Climbing beans are turning out to be one of the winning innovations being introduced by Africa RISING in Babati district, Tanzania. The beans have tendrils which coil around supporting stakes or strings and can grow as high as 2 meters tall and produce many pods and leaves. According to Edgar Lyakurwa, an extension officer with …
While improved varieties can give farmers increased yields, the percentage of small-scale farmers in sub-Saharan Africa growing them is very low, especially for legumes. One reason for this is the unavailability and unaffordability of the seeds. The early win project on ‘Multiplication of breeder and basic seed for Maize and Legumes in Tanzania, Malawi, and …
Many varieties of maize and legumes with good traits have been developed and released and there have been a lot of efforts by governments, farmer’s organizations, non-governmental organization and private seed companies, to get them to the farmers. Africa RISING’s early win project ‘Identifying efficient seed system (s) practices/models to accelerate the access to quality …
Various organizations have developed and promoted many practices aimed at improving yields, and managing water and soil at the farm level. Which of these have farmers really adopted and what factors have led to the adoption or non- adoption? Which of these are really effective and can be scaled up in the Africa RISING project? …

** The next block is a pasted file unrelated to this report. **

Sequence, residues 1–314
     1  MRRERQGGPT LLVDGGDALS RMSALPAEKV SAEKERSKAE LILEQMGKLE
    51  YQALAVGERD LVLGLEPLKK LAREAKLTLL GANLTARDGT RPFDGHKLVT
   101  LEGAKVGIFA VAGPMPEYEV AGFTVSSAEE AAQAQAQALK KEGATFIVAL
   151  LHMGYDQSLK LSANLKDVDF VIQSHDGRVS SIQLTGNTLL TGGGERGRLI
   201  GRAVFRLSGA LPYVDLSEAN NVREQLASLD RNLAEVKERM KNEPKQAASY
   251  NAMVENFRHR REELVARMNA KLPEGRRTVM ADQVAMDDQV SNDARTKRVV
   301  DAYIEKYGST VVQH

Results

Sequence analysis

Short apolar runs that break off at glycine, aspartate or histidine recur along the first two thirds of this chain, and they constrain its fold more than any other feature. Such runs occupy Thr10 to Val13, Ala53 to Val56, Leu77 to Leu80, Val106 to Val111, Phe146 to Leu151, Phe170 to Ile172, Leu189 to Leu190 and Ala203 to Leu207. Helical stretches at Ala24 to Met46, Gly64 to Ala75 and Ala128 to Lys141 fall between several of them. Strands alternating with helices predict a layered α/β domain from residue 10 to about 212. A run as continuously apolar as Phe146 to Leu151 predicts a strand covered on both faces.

The third Africa RISING review and planning workshop took place 23-25 October in Tamale, Ghana. The review of that first year helped develop an agenda for subsequent years. For this meeting, 60 participants gathered at the Modern City Hotel to hear progress about activities in year one and to develop integrated research plans on sustainable intensification for …
The inception phase of Africa RISING is coming to an end on 30 September. All ‘jumpstart activities’ and ‘early win’ projects from this phase have to be completed, and the broad program is coming out of the ground. The first of the three projects to officially wrap up the inception phase and pave the way …
The Africa RISING project is now in full swing in the three regions – West Africa, Ethiopian Highlands and East and Southern Africa (ESA). In West Africa, a ‘fast track’ implementation work plan has been agreed for the two countries concerned (Mali and Ghana). The implementation team has identified four districts and five communities in …
In 2012, Africa RISING funded an ‘early win’ project in Tanzania, Malawi and Zambia led by the International Center for Tropical Agriculture (CIAT). The project aims to Carry out assessment of the representative of seed systems models related to production efficiency, scale and speed of seed and variety access and information with consideration of the …
In 2012, Africa RISING funded an ‘early win’ project in Tanzania, Malawi, and Zambia led by the International Center for Tropical Agriculture (CIAT). The project aims to identify and promote sustainable intensification (SI) pathways by evaluating tested crop, soil and water management options for their suitability under varied land (soil health) and socio-economic conditions that prevail …